This collage from Mary Ellen Beads Albuquerque shows the different ways this reversible Kantha quilt vest can be worn.

Three “H’s” of the Kantha Quilt Class

Happy colors, history, hand-stitching: these three inspirations emerged from A Reversible Kantha Quilt Vest class experience.

The word Kantha, pronounced (KAAN taa), means rags in Sanskrit. A Kantha stitch can also refer to a small straight running stitch in Bengali embroidery.

Something about alliteration tugs at my heart. It resonates. I’m prompted to repeat it. Thus, the three “H’s” of Kantha Quilts: happy colors, history and hand-stitching

Happy Colors in Kantha Quilts

Not every Kantha Quilt is bright, but one side of the Kantha Quilt is usually patterned. My fabric with its strong orange, green, red and black colors screamed ‘happy’. (It didn’t hurt that my Saturday was dedicated to using my hands, learning something new, and spending time with some of my favorite people.)

We wrapped ourselves in the Kanta quilt of our choice. In spite of the multiple colors and patterns, cohesiveness reigned. Some of us chose to own more than one quilt!

These Kantha Quilt class participants including Mary Ellen of Mary Ellen Beads Albuquerque wrapped themselves in a Quilt.
©2017 Mary Ellen Merrigan, Kantha Quilts, Class Participants

History of Kantha Quilts

If you don’t know the Kantha story…

“These vintage sari quilts from India are created using multiple of very worn and aged saris that have been mended and patched over many years of use. The quilts are then pieced together using various scraps of fabrics as batting (sometimes as many as 3-6 layers of scrap filling causing different thicknesses within a quilt.”

Here’s a Wikipedia page about all things Kantha.

Instructor Cindy Chavez of FreeForm Inspirations gave running background commentary as we worked. She also presented a wide range of options for our stylish, asymmetrical reversible vest. In addition to her original four-way design, Cindy encouraged us to make purses, totes, curtains, pillow covers and more. Her samples caused class members to ‘oooh and aaahh.’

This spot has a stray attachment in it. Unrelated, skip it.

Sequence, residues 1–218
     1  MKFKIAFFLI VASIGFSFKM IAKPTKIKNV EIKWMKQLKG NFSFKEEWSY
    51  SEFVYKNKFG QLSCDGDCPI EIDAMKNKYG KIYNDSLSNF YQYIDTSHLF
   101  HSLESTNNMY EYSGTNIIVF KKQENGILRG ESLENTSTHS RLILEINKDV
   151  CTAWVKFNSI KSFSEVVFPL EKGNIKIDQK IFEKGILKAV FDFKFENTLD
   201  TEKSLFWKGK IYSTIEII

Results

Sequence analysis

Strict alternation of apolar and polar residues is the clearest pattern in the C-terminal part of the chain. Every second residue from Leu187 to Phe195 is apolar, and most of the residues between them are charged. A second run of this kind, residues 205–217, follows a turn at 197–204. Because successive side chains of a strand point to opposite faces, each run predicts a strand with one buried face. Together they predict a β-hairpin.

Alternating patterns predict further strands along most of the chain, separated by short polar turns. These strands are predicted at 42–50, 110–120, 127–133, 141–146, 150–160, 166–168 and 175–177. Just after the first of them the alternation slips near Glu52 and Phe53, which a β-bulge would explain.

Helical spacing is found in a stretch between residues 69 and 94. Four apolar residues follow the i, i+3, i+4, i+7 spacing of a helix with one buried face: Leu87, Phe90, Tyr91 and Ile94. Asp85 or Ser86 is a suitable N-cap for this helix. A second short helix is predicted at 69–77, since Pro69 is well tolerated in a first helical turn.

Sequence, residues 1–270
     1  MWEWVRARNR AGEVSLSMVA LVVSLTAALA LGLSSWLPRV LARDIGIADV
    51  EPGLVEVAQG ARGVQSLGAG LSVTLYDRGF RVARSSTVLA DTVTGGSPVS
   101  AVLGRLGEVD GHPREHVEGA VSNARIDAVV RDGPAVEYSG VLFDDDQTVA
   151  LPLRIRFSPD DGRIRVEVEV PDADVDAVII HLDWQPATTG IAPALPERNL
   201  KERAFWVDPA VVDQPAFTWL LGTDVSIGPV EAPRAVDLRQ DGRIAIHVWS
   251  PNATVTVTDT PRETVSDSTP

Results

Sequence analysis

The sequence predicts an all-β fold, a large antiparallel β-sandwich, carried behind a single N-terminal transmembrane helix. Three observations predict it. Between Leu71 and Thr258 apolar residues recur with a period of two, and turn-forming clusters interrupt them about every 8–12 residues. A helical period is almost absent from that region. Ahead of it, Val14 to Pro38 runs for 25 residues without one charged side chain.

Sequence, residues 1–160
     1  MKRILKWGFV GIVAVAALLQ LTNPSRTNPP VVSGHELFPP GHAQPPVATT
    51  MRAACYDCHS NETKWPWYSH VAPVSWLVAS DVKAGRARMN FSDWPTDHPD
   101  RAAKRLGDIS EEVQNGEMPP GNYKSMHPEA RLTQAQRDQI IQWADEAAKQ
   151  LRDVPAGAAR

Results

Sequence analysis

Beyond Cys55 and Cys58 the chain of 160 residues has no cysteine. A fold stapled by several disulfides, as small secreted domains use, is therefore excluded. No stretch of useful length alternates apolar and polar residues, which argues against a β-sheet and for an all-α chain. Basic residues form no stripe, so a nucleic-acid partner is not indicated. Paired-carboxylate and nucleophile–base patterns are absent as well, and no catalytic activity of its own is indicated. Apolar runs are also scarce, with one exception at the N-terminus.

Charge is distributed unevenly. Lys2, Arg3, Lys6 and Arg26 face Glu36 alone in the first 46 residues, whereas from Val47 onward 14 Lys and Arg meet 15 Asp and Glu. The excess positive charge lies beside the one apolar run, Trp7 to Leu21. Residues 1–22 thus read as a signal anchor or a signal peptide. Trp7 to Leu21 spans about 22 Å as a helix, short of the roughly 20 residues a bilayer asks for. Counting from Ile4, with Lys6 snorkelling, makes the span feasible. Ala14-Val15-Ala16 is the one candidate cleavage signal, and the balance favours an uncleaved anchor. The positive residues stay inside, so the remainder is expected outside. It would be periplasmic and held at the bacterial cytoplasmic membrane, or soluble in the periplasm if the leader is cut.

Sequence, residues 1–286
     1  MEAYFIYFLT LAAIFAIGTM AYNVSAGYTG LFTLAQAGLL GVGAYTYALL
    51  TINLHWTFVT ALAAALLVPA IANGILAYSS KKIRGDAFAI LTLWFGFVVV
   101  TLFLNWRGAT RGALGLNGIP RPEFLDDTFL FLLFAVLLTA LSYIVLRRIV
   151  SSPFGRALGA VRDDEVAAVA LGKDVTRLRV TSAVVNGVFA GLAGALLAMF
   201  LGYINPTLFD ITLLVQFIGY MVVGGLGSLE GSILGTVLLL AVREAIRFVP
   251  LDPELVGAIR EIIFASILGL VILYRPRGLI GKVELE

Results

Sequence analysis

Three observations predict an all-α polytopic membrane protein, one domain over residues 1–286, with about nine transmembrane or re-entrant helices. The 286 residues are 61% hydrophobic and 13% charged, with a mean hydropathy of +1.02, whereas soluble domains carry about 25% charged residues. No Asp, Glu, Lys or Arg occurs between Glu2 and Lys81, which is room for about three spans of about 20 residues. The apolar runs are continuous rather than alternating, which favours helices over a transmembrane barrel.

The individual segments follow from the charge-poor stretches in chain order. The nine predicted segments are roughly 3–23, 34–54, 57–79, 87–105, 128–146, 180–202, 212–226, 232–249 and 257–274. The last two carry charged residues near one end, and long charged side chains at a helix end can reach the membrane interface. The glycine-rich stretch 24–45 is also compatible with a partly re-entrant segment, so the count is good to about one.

She also suggested we use remnants for other mixed media projects and described how we could stamp, and further embellish the Kantha quilt material.

I met Cindy in 2012 when I interviewed her. Read more about how she packs fun into every project. 

Cindy makes it easy to improvise. She encourages experimentation. Each student incorporated their own version of the project into her pattern plan. Once the perimeter was marked, the cutting began.

Hand-stitching on Kantha Quilts

One student, who had a large sunflower in her quilt design, cut out the sunflower and embellished it on the reverse of her vest. Most of us added rectangles and/or pieces of material to form pockets and then hand-stitched them to our vest.

Hand-stitching is a soothing experience requiring no previous sewing training.

Mary Ellen Beads Albuquerque participated in a Kantha Quilt class with these ladies.

©2017 Mary Ellen Merrigan, Reversible Kantha Quilt Vests, Participants End-of-Day-View

In our always-on society, hand-stitching offers a different opportunity to feel connected. Hand-stitching connects you first of all with yourself. Feel into slowing down, threading a needle and sewing on fabric. Hold something besides the cell phone. Enjoy present moment awareness as you stitch.

This picture shows the hand-stitched rectangles and pockets on a Kantha Vest made by Mary Ellen Beads Albuquerque.
©2017 Mary Ellen Merrigan, Reversible Kantha Quilt Vests, Hand-stitched rectangles and pockets

Kantha quilts have always been hand-stitched, typically by someone using a running stitch. It’s easy to replicate. More importantly, it’s a satisfying experience. You’ll be amazed at the sense of confidence that comes from your hand-work.

This collage from Mary Ellen Beads Albuquerque shows the different ways this reversible Kantha quilt vest can be worn.
©2017 Mary Ellen Merrigan, Reversible Kantha Quilt Vest

My reversible Kantha quilt vest delivered these three H’s to me: happy colors, history, and hand-stitching. Which one most appeals to you?

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